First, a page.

Editorial Feature

What is Thermogravimetric Analysis (TGA) in Nanotechnology?

Thermal analysis methods have a wide range of nanotechnology applications, including the characterization of nanomaterials during synthesis and the control of final product properties. This article discusses the use of thermogravimetric analysis (TGA) in the rapidly expanding field of nanotechnology research.

What is Thermogravimetric Analysis (TGA) in Nanotechnology?

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What is Thermogravimetric Analysis?

TGA, or thermogravimetric analysis, determines mass or changes in mass as a function of temperature. The mass of material is monitored continuously during thermogravimetric analysis as it is heated or cooled in a specified atmosphere. As a result, TGA is primarily used to comprehend specific thermal events such as desorption, adsorption, sublimation, vaporization, reduction, and oxidation.

In thermogravimetric analysis, the material sample is heated and subjected to thermal decomposition in a controlled atmosphere up to 1000 °C to record the mass change. Before the heating ramp begins, thermogravimetric analysis initially measures the mass of the sample.

As the temperature increases, the pyrolysis of organic substances and polymer starts. At about 600 °C, the atmosphere is switched from nitrogen to air to achieve oxidative condition. After the sample is heated to 1000°C, the inorganic substances remain behind as a residue at the end. The step due to mass loss provides valuable information about the material's composition, such as polymer and filler content.

The TGA curve depicts typical mass loss as a function of temperature, and the corresponding first derivative (DTG) graph depicts mass loss rate as a function of temperature. Distinct peaks are displayed on the TGA curve with the temperature of maximum mass decomposition rates (Tmax) in particular ranges, which can aid in understanding the sample's purity.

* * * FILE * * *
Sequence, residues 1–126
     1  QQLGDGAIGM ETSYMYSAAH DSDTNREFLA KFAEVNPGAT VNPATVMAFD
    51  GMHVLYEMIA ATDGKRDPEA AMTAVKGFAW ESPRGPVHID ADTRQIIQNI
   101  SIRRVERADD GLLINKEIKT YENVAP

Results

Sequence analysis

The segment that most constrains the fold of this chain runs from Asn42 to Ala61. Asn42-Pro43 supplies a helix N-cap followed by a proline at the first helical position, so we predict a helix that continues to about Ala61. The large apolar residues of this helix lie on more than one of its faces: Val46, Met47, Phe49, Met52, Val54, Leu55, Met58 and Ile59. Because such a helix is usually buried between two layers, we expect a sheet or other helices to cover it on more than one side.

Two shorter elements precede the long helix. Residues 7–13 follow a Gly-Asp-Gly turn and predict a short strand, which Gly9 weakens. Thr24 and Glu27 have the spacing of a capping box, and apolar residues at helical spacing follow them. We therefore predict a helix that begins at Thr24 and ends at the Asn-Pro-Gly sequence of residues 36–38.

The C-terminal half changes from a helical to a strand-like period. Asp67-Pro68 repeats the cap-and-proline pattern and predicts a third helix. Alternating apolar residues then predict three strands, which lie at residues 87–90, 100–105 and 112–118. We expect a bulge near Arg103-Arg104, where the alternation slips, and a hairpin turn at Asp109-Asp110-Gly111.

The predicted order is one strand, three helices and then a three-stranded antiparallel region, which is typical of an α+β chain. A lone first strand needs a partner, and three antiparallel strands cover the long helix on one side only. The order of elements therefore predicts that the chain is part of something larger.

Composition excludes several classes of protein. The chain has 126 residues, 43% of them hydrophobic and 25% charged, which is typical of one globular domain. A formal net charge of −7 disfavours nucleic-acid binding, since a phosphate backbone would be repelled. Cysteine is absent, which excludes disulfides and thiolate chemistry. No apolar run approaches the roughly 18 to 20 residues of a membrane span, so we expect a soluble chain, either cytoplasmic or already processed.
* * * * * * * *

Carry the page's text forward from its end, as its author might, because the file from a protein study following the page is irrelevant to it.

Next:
Thermogravimetric Analysis (TGA) in Nanotechnology

Thermogravimetric analysis is used to study the processes like vaporization and decomposition, as well as to perform compositional analysis. TGA combined with Fourier transform infrared spectroscopy (FTIR) can be used to analyze volatile products released by the sample. The technique provides information on the stability of nanomaterials or the matrix in which they are embedded.

When combined with mass spectroscopy, thermogravimetric analysis can detect very low concentrations of impurities in evolved gases in real-time.

Investigating Carbon-Based Nanomaterials with Thermogravimetric Analysis

Thermogravimetric analysis is one of the quickest techniques for determining the relative proportions of amorphous carbon, adsorbed hydrocarbon, structured carbon, and metal catalyst particles in a CNT powder sample.

The observed temperatures of oxidation for amorphous carbons are around 200 °C, 400 °C for single-wall carbon nanotubes, 600 °C for multi-wall carbon nanotubes, and anything above 650 °C is credited to a metal catalyst and its oxidation products.

Thermogravimetric analysis can provide a measure of purity for CNT materials by calculating the percentage of the sample that degrades at the desired temperature range. Thermogravimetric analysis is also useful for studying carbon nanotubes' thermal behavior in an oxidative environment.

Similarly, thermogravimetric analysis is a reliable analytical tool for characterizing and controlling the quality of powdered few-layer graphene (FLG) and non-graphene impurities. The derivative TGA curves of graphene oxide, FLG, and graphite powders have distinct peaks with a temperature of maximum mass decomposition rates (Tmax) in specific ranges, which can aid in distinguishing few-layer graphene from fake graphene.

Thermogravimetric Analysis for Nanoparticles